“The North West was the strongest performing region, with prices up 8.2% year-on-year. This is the strongest price growth seen in the region since 2005 and average prices reached a record high of £181,999. There was also a further pick up in price growth in the neighbouring North, which saw a 7.2% annual increase. London was the weakest performing region, with annual price growth softening to 4.8%, from 6.2% in Q4 last year. The surrounding Outer Metropolitan region, which includes places such as Slough, Guildford, Crawley and Chelmsford, saw annual price growth remain stable at 5.6%. The South West was the only southern region to see an acceleration in annual price growth, which picked up to 7.2% in Q1, from 6.6% in Q4. Annual house price growth remained broadly stable in West Midlands at 7.6%, but the East Midlands, the top performing region last quarter, saw slower annual growth of 6.0%.”
“Price growth ranges from 5.7% in Wales and 5.3% in the North West of England, to London, trailing with 2.3% growth.”
Property transactions, demand and supply
Kate says: It’s always a ‘feel good factor’ when prices are rising, but the real numbers of interest to the industry, economists and the government, is what’s happening to transactions.
By a miracle, property transactions were only slightly down in 2020 from the previous year and not that far off the long term 1.2 million sales we normally see per year. Forecasts for this year suggest that transactions will be similar, if not a little more buoyant.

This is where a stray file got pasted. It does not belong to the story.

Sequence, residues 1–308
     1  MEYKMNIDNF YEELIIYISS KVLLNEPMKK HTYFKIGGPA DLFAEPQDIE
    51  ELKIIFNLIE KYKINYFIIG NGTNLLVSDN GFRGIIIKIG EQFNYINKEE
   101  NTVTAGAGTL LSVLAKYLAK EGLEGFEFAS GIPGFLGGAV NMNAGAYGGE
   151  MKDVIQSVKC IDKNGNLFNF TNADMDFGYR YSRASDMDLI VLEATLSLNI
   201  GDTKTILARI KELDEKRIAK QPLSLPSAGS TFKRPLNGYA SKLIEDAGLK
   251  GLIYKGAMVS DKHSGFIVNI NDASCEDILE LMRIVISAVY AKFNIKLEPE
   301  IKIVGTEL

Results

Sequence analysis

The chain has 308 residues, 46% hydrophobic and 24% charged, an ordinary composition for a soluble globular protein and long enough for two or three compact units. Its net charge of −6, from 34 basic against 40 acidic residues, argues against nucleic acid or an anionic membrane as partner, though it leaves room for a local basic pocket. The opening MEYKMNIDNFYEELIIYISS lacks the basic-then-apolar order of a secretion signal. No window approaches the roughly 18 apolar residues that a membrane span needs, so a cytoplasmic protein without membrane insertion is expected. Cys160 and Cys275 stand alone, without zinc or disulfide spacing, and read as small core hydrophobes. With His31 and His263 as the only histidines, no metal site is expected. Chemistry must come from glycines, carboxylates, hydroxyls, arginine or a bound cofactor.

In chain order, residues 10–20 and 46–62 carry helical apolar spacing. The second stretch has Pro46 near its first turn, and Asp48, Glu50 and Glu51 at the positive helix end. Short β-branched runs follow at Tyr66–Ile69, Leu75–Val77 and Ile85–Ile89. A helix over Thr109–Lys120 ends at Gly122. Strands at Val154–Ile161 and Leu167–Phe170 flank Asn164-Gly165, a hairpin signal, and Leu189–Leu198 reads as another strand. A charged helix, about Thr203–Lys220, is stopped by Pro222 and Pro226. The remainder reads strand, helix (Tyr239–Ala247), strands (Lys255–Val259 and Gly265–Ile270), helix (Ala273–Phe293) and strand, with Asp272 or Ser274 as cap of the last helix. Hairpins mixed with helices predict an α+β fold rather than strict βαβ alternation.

All the indices are suggesting demand is high, stock is short and, as a result, sales are good, with Rightmove commentating that “almost two out of three properties (62%) currently on agents’ books are now sold subject to contract.”
This is all great news for the industry, but most importantly for the economy, especially as stores open up, allowing people to spend the money they want doing up their new homes, or just buying the furnishings they have always dreamed of.
“The number of buyers enquiring about each property for sale on Rightmove is the highest ever measured. It continues to grow as the traditionally busiest period of the year approaches, and in February was 34% ahead of the same month a year ago. The start of the traditional spring home-moving period saw the number of sales agreed for the first week in March up by 12% on the prior year. Almost two out of three properties (62%) currently on agents’ books are now sold subject to contract. However, there are early signs that this supply shortage may now be easing, with more owners deciding to market their properties, spurred by the extension of government incentives and a more tangible roadmap to normality.”